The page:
U.S. Trade Representative Susan C. Schwab will travel to Brazil July 27-29 in the first of several trips to sustain support for the global trade and development goals of the World Trade Organization’s Doha Development Agenda.
Schwab will confer with Brazil’s Foreign Minister Celso Amorim, who represents his country in trade negotiations, on how to move the negotiations forward to open new global trade flows following the suspension of formal Doha Round on July 24.
"The spirit of Doha lives even if a formal agreement eludes us at this time," said Ambassador Schwab. "There remains a strong desire among WTO members to alleviate poverty and to spur development through increased trade.
"Brazil is a leader in the WTO system, and it has consistently called for increased market access opportunities in agriculture as part of the Doha outcome. It has never wavered from this point," Schwab noted. "We will continue to work with other responsible leaders in the global trading community, including Brazil, to achieve our shared objectives to increase trade flows, combat poverty, and spur economic growth. The United States will continue to engage all our trading partners to revive the Doha Development Agenda and ensure that its full potential is realized."
In August, Ambassador Schwab will meet with trade ministers from the Association of Southeast Asia Nations (ASEAN). In September she, along with U.S. Secretary of Agriculture Johanns, will visit with members of the Cairns Group of agricultural exporting nations in Australia. In November, Ambassador Schwab will accompany Secretary of State Condoleezza Rice to a meeting of trade minister and other leaders of Asia Pacific Economic Cooperation group (APEC).
Members of the World Trade Organization launched the Doha Development Agenda in Qatar’s capitol in December, 2001. Central objectives of the Doha Round include reducing tariffs on agricultural and industrial products, reducing agricultural subsidies, eliminating barriers to trade in services, and spurring development through expanded trade.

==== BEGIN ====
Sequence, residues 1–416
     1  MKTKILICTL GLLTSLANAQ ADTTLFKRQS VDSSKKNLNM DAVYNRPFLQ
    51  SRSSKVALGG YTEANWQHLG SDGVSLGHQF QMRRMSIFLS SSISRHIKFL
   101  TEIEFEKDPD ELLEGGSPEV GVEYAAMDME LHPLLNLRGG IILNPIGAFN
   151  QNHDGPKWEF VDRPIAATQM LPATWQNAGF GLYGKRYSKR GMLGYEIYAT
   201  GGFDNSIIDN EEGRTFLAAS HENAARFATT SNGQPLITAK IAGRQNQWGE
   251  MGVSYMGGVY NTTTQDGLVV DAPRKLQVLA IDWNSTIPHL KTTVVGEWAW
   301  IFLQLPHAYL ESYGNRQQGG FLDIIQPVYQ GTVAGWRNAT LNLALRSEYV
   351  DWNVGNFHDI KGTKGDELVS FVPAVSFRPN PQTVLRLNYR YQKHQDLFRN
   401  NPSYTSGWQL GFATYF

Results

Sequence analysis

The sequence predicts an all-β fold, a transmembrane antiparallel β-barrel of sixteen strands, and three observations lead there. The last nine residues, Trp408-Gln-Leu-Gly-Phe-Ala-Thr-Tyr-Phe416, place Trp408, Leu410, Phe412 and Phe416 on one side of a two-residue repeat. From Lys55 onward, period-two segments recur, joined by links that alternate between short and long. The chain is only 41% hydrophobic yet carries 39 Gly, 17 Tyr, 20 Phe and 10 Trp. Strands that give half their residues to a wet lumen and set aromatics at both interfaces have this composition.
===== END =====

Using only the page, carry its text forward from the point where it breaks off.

The United States has stressed that only an ambitious, balanced, and comprehensive final agreement, with meaningful openings in market access that generates new trade flows, can achieve the development objectives WTO members endorsed and win political support by individual WTO members.
At the G-8 summit, President Bush and other world leaders urged negotiators to keep working beyond a self-imposed July 31 deadline to come up with the outlines of a final agreement.
Schwab joined trade ministers from the European Union, Australia, Japan, India and Brazil in Geneva July 23 and 24 but, in conjunction with WTO Director General Pascal Lamy, determined the talks were at an impasse. The United States cited inadequate offers on agricultural market access as the chief reason.
Schwab maintained that settling for a deal that offered inadequate market access would fail to meet the development goals of the Doha Round.
Schwab noted that the World Bank offered a conservative estimated of a $142- billion income gain for developing countries from the elimination of barriers to trade in goods. That amount exceeds the $80 billion in foreign economic assistance from major industrialized countries and the current proposal for $42 billion in debt relief, combined.